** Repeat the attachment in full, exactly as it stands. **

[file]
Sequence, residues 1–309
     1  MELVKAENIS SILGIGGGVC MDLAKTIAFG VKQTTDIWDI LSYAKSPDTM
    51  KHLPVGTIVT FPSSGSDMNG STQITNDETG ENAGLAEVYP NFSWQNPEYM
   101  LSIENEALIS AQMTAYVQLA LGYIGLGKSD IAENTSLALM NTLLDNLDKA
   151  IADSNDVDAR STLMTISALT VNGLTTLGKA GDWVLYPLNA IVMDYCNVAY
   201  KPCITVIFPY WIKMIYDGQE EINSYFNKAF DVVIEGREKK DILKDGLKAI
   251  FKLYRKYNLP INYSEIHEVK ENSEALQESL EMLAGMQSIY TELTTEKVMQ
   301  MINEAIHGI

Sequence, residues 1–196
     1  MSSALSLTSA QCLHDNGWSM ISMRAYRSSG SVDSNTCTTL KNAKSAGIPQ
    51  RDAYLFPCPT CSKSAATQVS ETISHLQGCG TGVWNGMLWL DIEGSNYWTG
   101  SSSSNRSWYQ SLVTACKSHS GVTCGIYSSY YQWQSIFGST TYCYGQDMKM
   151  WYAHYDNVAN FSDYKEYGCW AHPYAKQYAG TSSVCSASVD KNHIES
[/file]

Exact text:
Sequence, residues 1–309
     1  MELVKAENIS SILGIGGGVC MDLAKTIAFG VKQTTDIWDI LSYAKSPDTM
    51  KHLPVGTIVT FPSSGSDMNG STQITNDETG ENAGLAEVYP NFSWQNPEYM
   101  LSIENEALIS AQMTAYVQLA LGYIGLGKSD IAENTSLALM NTLLDNLDKA
   151  IADSNDVDAR STLMTISALT VNGLTTLGKA GDWVLYPLNA IVMDYCNVAY
   201  KPCITVIFPY WIKMIYDGQE EINSYFNKAF DVVIEGREKK DILKDGLKAI
   251  FKLYRKYNLP INYSEIHEVK ENSEALQESL EMLAGMQSIY TELTTEKVMQ
   301  MINEAIHGI

Sequence, residues 1–196
     1  MSSALSLTSA QCLHDNGWSM ISMRAYRSSG SVDSNTCTTL KNAKSAGIPQ
    51  RDAYLFPCPT CSKSAATQVS ETISHLQGCG TGVWNGMLWL DIEGSNYWTG
   101  SSSSNRSWYQ SLVTACKSHS GVTCGIYSSY YQWQSIFGST TYCYGQDMKM
   151  WYAHYDNVAN FSDYKEYGCW AHPYAKQYAG TSSVCSASVD KNHIES